SB-509, an experimental drug to treat diabetic neuropathy, by  Sangamo BioSciences is curently in human studies.

SB-509 is an injectable plasmid encoding a DNA-binding zinc finger DNA-binding protein (ZFP) transcription factor (ZFP TF) designed to upregulate the endogenous expression of the gene encoding vascular endothelial growth factor (VEGF-A).

VEGF-A has been demonstrated to have direct angiogenic, neurotrophic and neuroprotective properties. Data from Phase 1 and Phase 2 clinical trials in subjects with diabetic neuropathy (DN) have demonstrated a direct neuroregenerative effect of SB-509 treatment.

IENFD is a validated, direct histologic measurement of small unmyelinated sensory nerve fibers in the skin, the primary sensory nerves involved in diabetic neuropathy.

IENFD also correlates with neuropathy severity in diabetes, nerve fiber densities derived from sural nerve biopsies and levels of vascular endothelial growth factor-A (VEGF-A). In subjects with more severe neuropathy, as judged by their baseline IENFD, a greater nerve regrowth response to SB-509 treatment was observed compared to regrowth responses in placebo-treated subjects.

Sangamo’s double blind, repeat-dosing, placebo controlled Phase 2b study, SB-509-901, is designed to finalize dose, schedule and primary and secondary endpoints for pivotal Phase 3 trials.

SB-509 trial will involve a total of 150 subjects who will be randomized 1:1 between placebo and treatment groups.

“The body of clinical data obtained in previous trials of SB-509 has enabled us to design a very focused Phase 2b study that will accrue subjects that we believe are most likely to show a significant response to SB-509 over the 180 day test period,” commented Dale Ando, Sangamo’s chief medical officer and vice president of therapeutics, in a press release.

The data generated to date also demonstrated that SB-509 treatment resulted in statistically significant increases in nerve fiber density, nerve regeneration and an improvement in clinical outcomes such as NIS-LL and sNCV, he said.

What is diabetic neuropathy?

Diabetic neuropathy is a progressive degenerative disease that is one of the most frequent complications of diabetes, affecting between 14 and 16.5 million Americans in 2007.

High blood glucose levels lead to nerve damage over time, primarily affecting peripheral nerves. Symptoms include numbness, tingling sensations and pain particularly in the toes or feet, which gradually evolve to loss of sensation and motor function as nerve damage progresses.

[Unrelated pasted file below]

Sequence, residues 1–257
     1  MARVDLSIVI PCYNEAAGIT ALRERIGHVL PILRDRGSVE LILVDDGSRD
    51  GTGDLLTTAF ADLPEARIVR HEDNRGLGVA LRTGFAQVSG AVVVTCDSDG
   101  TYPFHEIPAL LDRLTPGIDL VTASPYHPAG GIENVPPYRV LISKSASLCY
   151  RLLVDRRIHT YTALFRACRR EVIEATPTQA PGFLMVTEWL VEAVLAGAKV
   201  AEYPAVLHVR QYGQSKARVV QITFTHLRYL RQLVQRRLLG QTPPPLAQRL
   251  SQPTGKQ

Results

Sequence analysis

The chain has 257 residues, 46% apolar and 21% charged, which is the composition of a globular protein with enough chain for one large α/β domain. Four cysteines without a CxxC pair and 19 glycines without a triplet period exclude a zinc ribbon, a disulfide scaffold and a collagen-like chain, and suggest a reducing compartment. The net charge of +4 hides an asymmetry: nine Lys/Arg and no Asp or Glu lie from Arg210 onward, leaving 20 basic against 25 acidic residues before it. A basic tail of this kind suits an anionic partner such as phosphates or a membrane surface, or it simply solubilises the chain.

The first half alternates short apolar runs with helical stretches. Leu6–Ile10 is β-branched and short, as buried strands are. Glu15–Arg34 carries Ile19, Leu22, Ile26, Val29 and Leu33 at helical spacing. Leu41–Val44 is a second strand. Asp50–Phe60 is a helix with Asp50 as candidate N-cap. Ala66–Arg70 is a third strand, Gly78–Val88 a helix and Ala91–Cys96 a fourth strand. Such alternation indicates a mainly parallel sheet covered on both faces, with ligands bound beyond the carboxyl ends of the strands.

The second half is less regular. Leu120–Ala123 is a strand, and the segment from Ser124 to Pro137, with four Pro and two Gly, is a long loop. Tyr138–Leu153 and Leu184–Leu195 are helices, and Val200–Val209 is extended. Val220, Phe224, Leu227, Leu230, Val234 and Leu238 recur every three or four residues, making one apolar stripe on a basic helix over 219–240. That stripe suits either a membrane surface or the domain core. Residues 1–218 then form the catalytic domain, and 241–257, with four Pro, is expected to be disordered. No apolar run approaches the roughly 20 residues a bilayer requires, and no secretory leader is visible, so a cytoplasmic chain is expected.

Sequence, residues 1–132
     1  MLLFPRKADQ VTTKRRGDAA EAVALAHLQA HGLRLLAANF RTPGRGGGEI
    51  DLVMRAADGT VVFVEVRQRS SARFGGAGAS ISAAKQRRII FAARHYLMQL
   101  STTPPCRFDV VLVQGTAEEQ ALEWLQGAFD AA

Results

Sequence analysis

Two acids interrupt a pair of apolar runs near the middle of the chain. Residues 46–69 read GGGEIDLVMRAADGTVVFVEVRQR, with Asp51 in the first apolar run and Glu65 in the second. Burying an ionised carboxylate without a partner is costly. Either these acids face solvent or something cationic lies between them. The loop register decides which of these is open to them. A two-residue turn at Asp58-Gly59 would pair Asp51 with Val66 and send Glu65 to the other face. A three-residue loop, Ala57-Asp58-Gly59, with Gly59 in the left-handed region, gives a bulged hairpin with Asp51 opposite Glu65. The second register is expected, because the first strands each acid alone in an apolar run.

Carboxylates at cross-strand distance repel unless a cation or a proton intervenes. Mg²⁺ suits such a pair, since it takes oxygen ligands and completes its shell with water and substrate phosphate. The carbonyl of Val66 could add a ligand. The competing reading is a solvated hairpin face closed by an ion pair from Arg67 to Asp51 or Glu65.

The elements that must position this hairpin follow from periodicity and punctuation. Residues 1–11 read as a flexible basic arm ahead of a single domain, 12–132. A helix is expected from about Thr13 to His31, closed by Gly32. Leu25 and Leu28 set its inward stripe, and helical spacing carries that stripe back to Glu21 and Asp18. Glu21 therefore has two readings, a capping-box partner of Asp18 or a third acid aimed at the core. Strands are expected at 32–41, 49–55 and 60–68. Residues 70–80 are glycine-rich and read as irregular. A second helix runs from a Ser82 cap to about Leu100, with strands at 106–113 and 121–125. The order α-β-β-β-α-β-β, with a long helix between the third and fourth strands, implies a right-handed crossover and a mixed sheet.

Ulcers and sores may appear on numb areas of the foot as pressure wounds or injuries go unnoticed. Despite palliative treatment, these areas of trauma frequently become infected and this infection may spread to the bone, necessitating amputation of the leg or foot.

More than 60 percent of non-traumatic lower-limb amputations in the United States occur among people with diabetes. In 2004, this translated to approximately 71,000 amputations. The Centers for Disease Control estimates that from 1980 through 2007, the number of Americans with diabetes increased from 5.6 million to 23.6 million and that of those about 60 percent to 70 percent have mild to severe forms of neuropathy.

Sangamo BioSciences, Inc. is focused on the research and development of novel DNA-binding proteins for therapeutic gene regulation and modification.

The most advanced ZFP Therapeutic development program is currently in Phase 2 clinical trials for evaluation of safety and clinical effect in patients with diabetic neuropathy and ALS.

Sangamo also has two Phase 1 clinical trials to evaluate safety and clinical effect of a ZFP Therapeutic for the treatment of HIV/AIDS. Other therapeutic development programs are focused on cancer, neuropathic pain, nerve regeneration, Parkinson’s disease and monogenic diseases.

Sangamo’s has developed a class of DNA-binding proteins known as zinc finger DNA-binding proteins (ZFPs).

By engineering ZFPs that recognize a specific DNA sequence Sangamo has created ZFP transcription factors (ZFP TF) that can control gene expression and, consequently, cell function.

Sangamo is also developing sequence-specific ZFP Nucleases (ZFN) for gene modification. Sangamo has established strategic partnerships with companies in non-therapeutic applications of its technology including Dow AgroSciences and Sigma-Aldrich Corporation.